The first females to become Marine Infantry will share tents with their male counterparts during field exercises, officials from Camp Lejeune announced.
“We’re not changing any of our tactical posture or breaking unit cohesion or adjusting anything to accommodate mixed genders while we’re operating in a field environment replicating tactical conditions,” Maj. Charles Anklam III, executive officer for 1st Battalion, 8th Marines at Camp Lejeune, North Carolina told reporters.
Three women became infantry Marines on January 5, 2017. The nation’s first female rifleman, machine gunner, and mortar Marine all have their own rooms, bathrooms, and showers while in the barracks but will find themselves “side-by-side” with male marines while in the field.
“Our female Marines will find themselves side-by-side their male counterparts in a fighting hole or in their living conditions for the execution of field or deployed duties,” Anklam said in an interview on January 20.
Anklam states that the Marine Corps has not encountered any unexpected challenges while integrating the female Marines into the infantry unit thus far. There have been small accommodations made for the women, but none of the changes have been deemed difficult decisions by military officials.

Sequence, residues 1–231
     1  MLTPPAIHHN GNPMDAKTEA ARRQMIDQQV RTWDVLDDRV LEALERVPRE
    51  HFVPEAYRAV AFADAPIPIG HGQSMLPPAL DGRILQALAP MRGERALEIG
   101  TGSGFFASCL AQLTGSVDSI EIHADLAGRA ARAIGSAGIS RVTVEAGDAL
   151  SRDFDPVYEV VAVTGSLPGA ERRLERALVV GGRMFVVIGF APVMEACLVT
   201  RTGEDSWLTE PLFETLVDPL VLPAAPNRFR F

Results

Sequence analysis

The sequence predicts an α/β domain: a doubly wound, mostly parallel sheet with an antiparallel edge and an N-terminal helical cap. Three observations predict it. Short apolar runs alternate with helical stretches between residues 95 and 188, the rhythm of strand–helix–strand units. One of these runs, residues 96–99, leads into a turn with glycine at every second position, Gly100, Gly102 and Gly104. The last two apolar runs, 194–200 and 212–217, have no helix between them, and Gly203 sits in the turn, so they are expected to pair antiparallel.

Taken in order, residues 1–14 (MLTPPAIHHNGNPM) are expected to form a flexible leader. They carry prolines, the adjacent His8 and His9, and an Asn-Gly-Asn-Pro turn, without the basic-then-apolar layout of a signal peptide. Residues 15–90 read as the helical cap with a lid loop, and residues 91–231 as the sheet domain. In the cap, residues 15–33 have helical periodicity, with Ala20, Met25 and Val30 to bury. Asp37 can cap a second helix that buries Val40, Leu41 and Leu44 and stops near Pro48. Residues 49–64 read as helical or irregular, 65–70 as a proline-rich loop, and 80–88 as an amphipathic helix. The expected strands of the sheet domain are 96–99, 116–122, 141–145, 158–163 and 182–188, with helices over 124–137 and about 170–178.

“Typically you’ll find within an infantry battalion like in this building, we’ve got a downstairs and an upstairs head facility,” Anklam told reporters. “We’ve been able to allocate one of those for the use of female members and then the other for male members.”
Capt. Katharine Gibbons-Neff is the battalion’s logistics officer and serves as part of the unit’s female leadership cadre. Military officials state that having Gibbons-Neff’s input has helped provide valuable insight for the traditionally all-male leadership.
Lt. Col. Reginald McClam, battalion commander, is one of many who has applauded the new female infantry Marines and has expressed gratitude for Gibbon-Neff’s input, but he states that no accommodations will be made that could threaten the integrity of any operations carried out by the infantry unit. To McClam, the operations of the United States military are both sex and gender-neutral.
“This is what I told the staff,” McClam said, “I joined the Marine Corps to lead Marines and sailors. I didn’t take an oath of office that said I was going to lead male Marines or female Marines or male sailors or female sailors. I said I would lead Marines.”